On being returned to our lovely ‘Via Via,’ Michael suggested that we join them again tomorrow for another tour down south to Isla Negra – another of Pablo Neruda’s houses (the one where he spent the most time). So we said, “sure.” We were more than a tad tired at the end of this day, so we settled into the courtyard of the café part of our B&B and ordered a bottle of chardonnay. Most satisfying, but combined with the fatigue, it may have influenced the error in judgement of ordering too much delicious food (there is a bit of a pattern developing here!). But, it was terribly yummy – tempura vegetables, hand made pasta filled with smoked eggplant in a cream sauce, and TWO desserts! Belgian triple (which was actually 4 desserts – waffles with strawberries, shot glass of some fabulous chocolate and cream creation, a fruit sorbet, maybe lychee?, and a cheese and almond cake). Had a full serve of the cheese and almond cake as well, as the ‘second’ dessert. Bad decision all round. Felt so bloody full and ick afterwards. Should’ve stopped at the end of the pasta.

Quintay

Shoreline at Quintay at Julio’s place

The rocky beach at Julio’s

The next morning, our German buddies turned up with all their luggage – they had decided to move from their accommodation in Viña del Mar to Valparaiso, and had liked the look of ‘our place.’ They had a few days to kill before going on their cruise, and wanted to experience more of this very charming city.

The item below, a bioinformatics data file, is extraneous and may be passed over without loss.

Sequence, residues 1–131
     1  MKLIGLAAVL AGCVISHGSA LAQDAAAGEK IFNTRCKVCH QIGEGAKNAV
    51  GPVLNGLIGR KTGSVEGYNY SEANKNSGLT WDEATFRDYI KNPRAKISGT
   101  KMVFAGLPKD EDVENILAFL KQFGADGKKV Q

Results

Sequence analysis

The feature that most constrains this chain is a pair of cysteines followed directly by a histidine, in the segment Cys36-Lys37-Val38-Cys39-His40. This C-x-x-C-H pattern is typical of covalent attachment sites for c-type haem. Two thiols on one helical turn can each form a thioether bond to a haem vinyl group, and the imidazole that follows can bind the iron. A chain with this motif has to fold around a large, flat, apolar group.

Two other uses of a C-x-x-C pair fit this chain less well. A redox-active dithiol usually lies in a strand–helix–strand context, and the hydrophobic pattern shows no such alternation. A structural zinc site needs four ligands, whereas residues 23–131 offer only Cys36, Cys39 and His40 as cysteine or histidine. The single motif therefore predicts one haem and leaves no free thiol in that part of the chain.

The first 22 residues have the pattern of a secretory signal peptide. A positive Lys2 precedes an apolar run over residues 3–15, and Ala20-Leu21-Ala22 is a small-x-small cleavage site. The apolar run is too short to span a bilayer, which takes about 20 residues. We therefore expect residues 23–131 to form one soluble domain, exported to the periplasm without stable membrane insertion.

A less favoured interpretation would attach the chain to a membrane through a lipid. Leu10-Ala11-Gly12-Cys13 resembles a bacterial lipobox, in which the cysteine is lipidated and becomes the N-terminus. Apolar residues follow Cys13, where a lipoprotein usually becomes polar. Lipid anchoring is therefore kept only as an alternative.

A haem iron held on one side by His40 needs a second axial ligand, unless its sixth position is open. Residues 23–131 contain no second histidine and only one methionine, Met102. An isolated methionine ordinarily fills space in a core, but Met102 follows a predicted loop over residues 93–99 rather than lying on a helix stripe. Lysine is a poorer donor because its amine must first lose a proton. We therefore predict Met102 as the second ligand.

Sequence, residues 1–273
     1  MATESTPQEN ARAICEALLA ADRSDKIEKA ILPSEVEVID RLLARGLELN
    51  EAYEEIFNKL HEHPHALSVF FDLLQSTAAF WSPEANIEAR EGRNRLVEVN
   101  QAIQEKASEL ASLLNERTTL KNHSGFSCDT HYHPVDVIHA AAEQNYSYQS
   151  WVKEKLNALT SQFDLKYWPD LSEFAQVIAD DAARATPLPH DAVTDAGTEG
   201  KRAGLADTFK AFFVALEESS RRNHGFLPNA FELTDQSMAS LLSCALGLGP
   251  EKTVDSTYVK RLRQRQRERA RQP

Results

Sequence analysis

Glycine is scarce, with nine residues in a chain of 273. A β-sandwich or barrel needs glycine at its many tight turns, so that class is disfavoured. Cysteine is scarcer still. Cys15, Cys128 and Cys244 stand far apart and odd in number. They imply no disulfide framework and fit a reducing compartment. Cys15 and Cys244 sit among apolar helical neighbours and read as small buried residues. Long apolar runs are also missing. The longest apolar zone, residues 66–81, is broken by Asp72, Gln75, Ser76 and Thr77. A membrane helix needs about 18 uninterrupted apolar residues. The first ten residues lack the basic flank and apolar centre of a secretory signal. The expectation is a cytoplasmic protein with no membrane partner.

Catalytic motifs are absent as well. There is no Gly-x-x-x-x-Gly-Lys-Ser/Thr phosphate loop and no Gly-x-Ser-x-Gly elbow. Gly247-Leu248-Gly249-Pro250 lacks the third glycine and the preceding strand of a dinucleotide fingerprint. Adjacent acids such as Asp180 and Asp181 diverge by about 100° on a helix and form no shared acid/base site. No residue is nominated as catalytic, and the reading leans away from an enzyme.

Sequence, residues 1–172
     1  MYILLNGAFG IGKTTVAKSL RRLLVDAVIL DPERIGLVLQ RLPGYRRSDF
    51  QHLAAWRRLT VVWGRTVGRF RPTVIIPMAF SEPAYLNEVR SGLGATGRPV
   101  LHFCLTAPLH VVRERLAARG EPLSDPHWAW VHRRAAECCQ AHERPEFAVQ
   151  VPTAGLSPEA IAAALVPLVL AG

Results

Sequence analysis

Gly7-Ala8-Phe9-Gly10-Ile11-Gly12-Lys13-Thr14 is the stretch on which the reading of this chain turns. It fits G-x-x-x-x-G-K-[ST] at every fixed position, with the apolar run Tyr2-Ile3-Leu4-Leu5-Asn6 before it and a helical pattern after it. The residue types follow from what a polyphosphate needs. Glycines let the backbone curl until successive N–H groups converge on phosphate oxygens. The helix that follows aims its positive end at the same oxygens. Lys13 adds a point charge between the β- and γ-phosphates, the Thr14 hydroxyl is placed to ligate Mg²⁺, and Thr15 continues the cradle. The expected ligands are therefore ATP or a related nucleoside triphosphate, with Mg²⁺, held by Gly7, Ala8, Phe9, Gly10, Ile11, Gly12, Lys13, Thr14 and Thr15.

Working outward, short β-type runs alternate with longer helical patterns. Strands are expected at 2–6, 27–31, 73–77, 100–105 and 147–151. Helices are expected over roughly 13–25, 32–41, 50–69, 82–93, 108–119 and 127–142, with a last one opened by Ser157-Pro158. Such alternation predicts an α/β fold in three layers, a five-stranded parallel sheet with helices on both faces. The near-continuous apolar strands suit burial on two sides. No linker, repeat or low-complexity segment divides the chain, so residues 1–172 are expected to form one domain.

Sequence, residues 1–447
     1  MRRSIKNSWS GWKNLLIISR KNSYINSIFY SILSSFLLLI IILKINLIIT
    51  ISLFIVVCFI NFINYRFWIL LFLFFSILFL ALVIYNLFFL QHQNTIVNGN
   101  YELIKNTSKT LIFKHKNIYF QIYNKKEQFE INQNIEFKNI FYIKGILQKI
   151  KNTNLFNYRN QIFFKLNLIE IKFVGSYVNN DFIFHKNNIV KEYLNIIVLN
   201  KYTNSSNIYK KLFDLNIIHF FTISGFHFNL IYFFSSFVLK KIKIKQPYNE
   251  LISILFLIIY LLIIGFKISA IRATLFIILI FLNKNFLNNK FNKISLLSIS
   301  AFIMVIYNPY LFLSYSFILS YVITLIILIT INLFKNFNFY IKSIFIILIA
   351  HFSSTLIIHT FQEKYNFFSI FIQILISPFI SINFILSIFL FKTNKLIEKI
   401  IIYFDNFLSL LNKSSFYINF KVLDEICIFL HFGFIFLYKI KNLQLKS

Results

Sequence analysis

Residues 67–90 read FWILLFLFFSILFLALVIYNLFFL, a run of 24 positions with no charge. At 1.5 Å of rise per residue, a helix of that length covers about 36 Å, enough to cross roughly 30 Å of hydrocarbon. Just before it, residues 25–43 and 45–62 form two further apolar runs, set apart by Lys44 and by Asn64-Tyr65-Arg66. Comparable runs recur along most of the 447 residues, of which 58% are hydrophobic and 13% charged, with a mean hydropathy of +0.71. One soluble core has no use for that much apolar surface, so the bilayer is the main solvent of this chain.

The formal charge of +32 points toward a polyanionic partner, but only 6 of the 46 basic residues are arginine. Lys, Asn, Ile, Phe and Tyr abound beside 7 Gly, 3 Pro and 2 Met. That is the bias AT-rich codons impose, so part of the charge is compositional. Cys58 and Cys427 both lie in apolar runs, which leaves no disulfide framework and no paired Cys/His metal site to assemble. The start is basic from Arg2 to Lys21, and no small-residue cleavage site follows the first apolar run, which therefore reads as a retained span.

Julio’s house and the observatory he built

The view from Julio’s living room

We began the day with a visit to a winery in Casablanca Valley, Casas del Bosque. It could’ve been any winery in California or Australia – immaculate grounds, lush green lawns, plants trimmed with nail scissors – all designed to make tourists who drive in, tumbling off their tour buses, exclaim, “I MUST buy wine here!”

Valpo street – so very charming

We drove south to the house of Neruda. He named his house Isla Negra, and at some point in time, the mayor (have no idea who or when) changed the name of the town to honour him (or cash in on his name, whichever). Neruda was an interesting contradiction – he was a communist, but he hoarded (or collected) so much stuff. He was quite obsessive, actually. However, he definitely had good taste in choosing locations to build his houses! You couldn’t imagine a more perfect outlook. Bliss.